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Aufgehoben Messidor Review

Album. Released 2006.  

BBC Review

...A collective avoidance of well-trodden pathways, in favour of greater adventure and...

John Eyles 2007

For their fourth album, Aufgehoben have continued to develop and evolve whilst retaining the core elements that make them unique - an improvising group with a rock sound. That sound is notorious, a huge overblown roar that fills every part of the soundscape, the result of recording with everything turned up to maximum; it sounds deafening at low volumes; at high volumes it is bone-crunching. Since they first appeared at the turn of the millennium, Aufgehoben have cultivated an air of mystery, releasing no information about personnel and playing no gigs. Recently, that changed, as they played their first live gig and full details of the line-up emerged. Given the scale of their sound, it is remarkable that there are only four of them – two drummers, guitar and electronics.

The drummers complement each other well, Stephen Robinson’s no-nonsense, full-on power being offset by rather more delicacy from Phil Goodland. Gary Smith’s guitar style is essentially the one he uses as a solo free improviser, replete with slides, glides, taps and clicks, even though some of the fine detail occasionally gets overwhelmed. David Panos provides an awesome array of electronic sounds that fill up any available space; his presence means that any further instrumentation would be redundant. In particular, he provides a plentiful supply of low-end frequencies, negating the need for a bassist. When all four roar together, the result is a thrilling adrenalin rush. Listen to the middle of “Manotgog” for a typical high spot.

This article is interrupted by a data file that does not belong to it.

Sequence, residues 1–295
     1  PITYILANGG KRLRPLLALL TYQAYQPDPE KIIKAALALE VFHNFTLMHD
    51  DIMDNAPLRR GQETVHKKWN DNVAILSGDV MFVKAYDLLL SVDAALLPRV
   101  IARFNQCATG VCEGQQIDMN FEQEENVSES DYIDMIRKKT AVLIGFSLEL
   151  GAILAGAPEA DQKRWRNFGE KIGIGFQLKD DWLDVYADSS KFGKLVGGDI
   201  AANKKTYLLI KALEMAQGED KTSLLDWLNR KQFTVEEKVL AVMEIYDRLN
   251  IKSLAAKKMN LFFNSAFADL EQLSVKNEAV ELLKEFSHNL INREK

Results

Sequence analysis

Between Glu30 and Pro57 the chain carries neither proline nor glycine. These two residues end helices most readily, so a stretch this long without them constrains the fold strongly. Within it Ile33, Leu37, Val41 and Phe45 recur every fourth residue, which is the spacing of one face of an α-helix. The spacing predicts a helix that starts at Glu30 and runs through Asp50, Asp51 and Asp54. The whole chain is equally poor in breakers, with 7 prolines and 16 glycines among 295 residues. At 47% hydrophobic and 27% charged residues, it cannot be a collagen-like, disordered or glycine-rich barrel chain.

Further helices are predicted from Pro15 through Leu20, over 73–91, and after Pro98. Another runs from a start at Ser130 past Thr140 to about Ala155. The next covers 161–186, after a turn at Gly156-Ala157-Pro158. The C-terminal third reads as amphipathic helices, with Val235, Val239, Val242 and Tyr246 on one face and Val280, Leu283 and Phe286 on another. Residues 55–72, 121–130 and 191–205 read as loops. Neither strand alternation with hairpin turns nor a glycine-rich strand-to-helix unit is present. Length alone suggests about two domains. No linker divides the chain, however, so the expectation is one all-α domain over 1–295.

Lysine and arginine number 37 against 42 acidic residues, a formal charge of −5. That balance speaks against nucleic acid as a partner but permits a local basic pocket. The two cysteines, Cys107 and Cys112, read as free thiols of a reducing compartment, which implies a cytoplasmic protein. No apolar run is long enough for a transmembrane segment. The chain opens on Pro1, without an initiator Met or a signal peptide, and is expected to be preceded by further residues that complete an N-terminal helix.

On past Aufgehoben albums, the music has largely been compatible with that huge sound. Thundering riffs recalled rock, especially heavy metal and noise. Here, there are still vestigial traces of riffs – for evidence, check out “Ends of Er” – but only traces. Other rock elements have largely been pared back or eliminated in favour of a freer, more exploratory approach. As always with Aufgehoben, the music here was freely improvised without planning or premeditation; this time around, the difference is that there has been a collective avoidance of well-trodden pathways, in favour of greater adventure and daring.

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